Frozen Mammoths...
One of radio station's listeners contacted the station recalling that their old geography teacher had regaled them with stories of Russians dining on Woolly Mammoths as they thawed out of the perma-frost in Siberia. If locals were eating de-frosted Woolly Mammoths then this would be an extreme case of food being consumed well past its sell by date. After all, the last Woolly Mammoths became extinct thousands of years ago.
I have heard stories too, many text books contain references but to the best of my knowledge I am not aware of any proven cases of people eating recently thawed Mammoths.
There are a number of stories of this nature in circulation. Many Siberian Mammoths that died in the Autumn have been preserved exceptionally well as they have been quickly frozen by the rapid onset of winter and the resulting plummeting temperatures in that part of the world. Even though the animal may have died over 20,000 years ago, the deep freeze that is Siberia has led to some remarkable states of preservation.
Woolly Mammoths once Regarded as "Giant Moles"
Natives were aware of the existence of strange creatures in the ground, but with no knowledge of palaeontology or of elephants Mammoths were thought to be giant moles that burrowed deep underground and perished instantly if they ever broke the surface. This didn't stop a brisk trade in Mammoth ivory recovered from the carcases. Local warlords and leaders did try to put a stop to this by spreading rumours that the corpses were cursed and that if you interfered with one you would have bad luck. Stories from the late 18th Century of a Tungus native who had allegedly removed a single tusk from a Mammoth corpse and within a few years he and his family and died, certainly helped protect the precious ivory.
Have People Consumed Thawed-out Mammoth Flesh
There is not much evidence of people actually consuming thawed out Mammoth, but as these animals are eroded out in spring thaws they begin to defrost and many of the corpses have been reported as having been attacked by local scavengers and dogs.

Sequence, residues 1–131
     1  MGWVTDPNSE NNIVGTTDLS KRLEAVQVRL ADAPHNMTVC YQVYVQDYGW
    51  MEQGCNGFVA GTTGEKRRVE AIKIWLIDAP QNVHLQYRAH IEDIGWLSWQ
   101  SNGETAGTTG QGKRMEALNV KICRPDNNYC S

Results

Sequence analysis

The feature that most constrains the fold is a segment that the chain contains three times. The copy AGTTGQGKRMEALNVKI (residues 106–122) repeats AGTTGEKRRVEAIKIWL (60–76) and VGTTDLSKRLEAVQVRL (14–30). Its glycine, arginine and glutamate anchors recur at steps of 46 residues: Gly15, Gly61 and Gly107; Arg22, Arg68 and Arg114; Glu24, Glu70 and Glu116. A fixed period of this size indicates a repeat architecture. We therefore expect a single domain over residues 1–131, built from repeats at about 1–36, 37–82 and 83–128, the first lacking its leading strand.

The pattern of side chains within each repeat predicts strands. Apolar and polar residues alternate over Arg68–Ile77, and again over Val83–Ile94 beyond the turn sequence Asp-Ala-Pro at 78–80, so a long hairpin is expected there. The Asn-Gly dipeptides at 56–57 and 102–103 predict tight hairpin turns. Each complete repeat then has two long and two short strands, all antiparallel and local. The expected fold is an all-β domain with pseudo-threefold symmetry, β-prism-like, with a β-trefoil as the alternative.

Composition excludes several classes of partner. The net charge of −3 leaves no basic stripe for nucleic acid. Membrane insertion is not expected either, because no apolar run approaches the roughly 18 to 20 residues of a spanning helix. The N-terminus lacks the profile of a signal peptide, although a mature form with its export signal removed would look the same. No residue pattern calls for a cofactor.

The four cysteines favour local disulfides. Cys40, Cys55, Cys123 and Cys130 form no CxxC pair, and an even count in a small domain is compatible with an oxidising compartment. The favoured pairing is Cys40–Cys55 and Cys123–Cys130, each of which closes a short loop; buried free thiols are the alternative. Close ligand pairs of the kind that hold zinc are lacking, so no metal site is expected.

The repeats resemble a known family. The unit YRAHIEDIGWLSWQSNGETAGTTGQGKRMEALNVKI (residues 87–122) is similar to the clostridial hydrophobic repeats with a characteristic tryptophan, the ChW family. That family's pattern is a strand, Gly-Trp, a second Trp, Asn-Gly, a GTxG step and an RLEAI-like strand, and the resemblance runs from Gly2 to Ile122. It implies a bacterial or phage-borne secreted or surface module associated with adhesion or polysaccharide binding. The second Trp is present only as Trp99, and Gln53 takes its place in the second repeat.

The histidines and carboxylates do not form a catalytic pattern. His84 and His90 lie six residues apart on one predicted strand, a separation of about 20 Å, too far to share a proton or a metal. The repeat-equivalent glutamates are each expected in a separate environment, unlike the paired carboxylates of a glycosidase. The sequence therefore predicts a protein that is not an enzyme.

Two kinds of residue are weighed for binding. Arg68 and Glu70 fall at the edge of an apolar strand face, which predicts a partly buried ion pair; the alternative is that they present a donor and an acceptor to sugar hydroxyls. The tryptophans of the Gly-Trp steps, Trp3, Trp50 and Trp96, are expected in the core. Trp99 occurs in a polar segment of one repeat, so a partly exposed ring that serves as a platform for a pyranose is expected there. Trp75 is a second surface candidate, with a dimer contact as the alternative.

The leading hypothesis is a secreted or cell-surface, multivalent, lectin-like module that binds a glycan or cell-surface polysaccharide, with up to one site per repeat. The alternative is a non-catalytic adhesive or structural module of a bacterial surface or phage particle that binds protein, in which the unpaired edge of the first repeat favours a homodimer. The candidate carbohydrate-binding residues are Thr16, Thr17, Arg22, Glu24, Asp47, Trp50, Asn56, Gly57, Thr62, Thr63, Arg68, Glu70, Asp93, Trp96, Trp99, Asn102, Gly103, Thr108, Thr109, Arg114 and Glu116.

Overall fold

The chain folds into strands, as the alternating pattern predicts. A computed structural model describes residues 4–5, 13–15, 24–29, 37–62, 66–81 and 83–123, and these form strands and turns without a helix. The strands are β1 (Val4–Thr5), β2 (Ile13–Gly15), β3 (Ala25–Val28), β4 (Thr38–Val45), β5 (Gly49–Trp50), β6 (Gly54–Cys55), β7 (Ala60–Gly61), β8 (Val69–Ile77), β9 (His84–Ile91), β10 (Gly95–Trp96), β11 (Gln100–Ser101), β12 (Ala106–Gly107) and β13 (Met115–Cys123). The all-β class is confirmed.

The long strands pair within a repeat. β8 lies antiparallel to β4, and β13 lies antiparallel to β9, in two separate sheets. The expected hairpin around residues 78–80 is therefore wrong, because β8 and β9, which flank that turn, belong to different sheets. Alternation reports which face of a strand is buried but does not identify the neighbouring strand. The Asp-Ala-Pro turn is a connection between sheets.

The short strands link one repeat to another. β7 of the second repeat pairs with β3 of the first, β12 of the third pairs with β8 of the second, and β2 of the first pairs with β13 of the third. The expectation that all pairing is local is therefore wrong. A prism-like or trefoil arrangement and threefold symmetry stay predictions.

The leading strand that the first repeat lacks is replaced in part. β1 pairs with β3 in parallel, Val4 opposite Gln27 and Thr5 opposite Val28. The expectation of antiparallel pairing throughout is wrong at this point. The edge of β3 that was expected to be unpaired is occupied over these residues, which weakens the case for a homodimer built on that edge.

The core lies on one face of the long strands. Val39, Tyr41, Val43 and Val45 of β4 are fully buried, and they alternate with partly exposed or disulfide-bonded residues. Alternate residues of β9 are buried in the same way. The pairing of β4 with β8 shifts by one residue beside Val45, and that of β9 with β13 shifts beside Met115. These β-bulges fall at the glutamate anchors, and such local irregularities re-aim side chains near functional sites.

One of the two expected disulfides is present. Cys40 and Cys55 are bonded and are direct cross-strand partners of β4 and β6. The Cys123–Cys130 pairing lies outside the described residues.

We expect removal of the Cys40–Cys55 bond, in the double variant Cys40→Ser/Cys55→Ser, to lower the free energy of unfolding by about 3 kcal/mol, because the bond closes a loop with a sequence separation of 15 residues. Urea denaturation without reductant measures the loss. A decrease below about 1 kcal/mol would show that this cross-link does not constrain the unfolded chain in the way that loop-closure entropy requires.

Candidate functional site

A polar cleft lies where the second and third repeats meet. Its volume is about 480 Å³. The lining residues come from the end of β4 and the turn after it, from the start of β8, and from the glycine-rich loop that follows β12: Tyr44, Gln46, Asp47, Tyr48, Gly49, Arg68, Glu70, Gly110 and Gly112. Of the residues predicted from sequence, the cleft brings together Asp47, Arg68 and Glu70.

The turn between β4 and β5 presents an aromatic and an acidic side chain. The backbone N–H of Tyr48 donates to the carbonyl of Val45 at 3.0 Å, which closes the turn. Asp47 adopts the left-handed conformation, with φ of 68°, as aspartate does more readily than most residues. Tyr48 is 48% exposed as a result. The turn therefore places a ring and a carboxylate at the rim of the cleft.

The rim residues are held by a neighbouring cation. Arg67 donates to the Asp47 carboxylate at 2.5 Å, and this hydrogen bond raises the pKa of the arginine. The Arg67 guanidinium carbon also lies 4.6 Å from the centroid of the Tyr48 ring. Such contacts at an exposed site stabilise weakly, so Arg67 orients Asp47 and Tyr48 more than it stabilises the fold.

In the notes of the 1901 expedition to Siberia in search of Mammoth remains led by the eminent zoologists Otto Herz and Eugen Pfizenmayer it is claimed that they were able to remove about 130 kilogrammes of meat from the hindquarters of a de-frosting Mammoth carcase. The meat was so well-preserved that the expeditions dogs eagerly ate it, but the scientists themselves although tempted did not try it as it smelt like "a badly kept stable heavily blended with the smell of offal" as Pfizenmayer recalled.
I think you would have to be pretty desperate to attempt to eat Woolly Mammoth, our ancestors certainly hunted these creatures but they would have been eating fresh meat, not the remains of an animal preserved frozen for thousands of years.
A Number of Mammoth Species Known to Science
There are a number of Mammoth species known, the largest was the Columbian (M. columbi) of North America with males weighing up to 10 Tonnes and standing over 3.5 metres high at the shoulder. The Woolly Mammoth (M. primigenius) was slightly smaller with much denser fur, believed to be a dark brown to sandy colour. Mammoths were very symbolic to our early ancestors with many cave paintings depicting them and hunting scenes. They were certainly an important food resource for our ancestors, a single Mammoth carcase could feed a whole tribe for a considerable period and provide ivory for tools as well as furs to help keep people warm.
Woolly Mammoths are still very popular with children today "Martha the Mammoth" was a popular animal on the recent Prehistoric Park TV show and Mammoths come out quite high in surveys on the popularity of prehistoric animals. There are also a number of good quality, reasonably priced Woolly Mammoth and other Ice Age creatures about, helping children to recreate their own Ice Age adventures.
However, there are no restaurants currently offering Mammoth on the menu, best to stick to what's in the kitchen freezer rather than trying to grab a couple of steaks from a de-frosting 20,000 year old Mammoth corpse.
Everything Dinosaur is a company run by parents, teachers and real dinosaur experts. It specialises in developing educational dinosaur toys, models, clothing and games and strives to help young people learn more about science through their fascination with prehistoric animals.

Friday, December 2, 2011

Land Degradation and Conservathon

Land degradation is a worldwide problem. The denuding action of weathering, running water, air, etc. on the upper layer of the earth, is called land erosion.
Land is an important resource provides food, clothing, minerals, other raw materials, and shelter for human beings. Substantial reduction in the productivity of the land is the main outcome of land degradation. Soil, which is a part of land, is the gift of nature, which is available in limited quantity. Soil formation is a slow process. It takes hundreds of years to form. Therefore, it is necessary to put the available land to various uses with the most careful and planned way.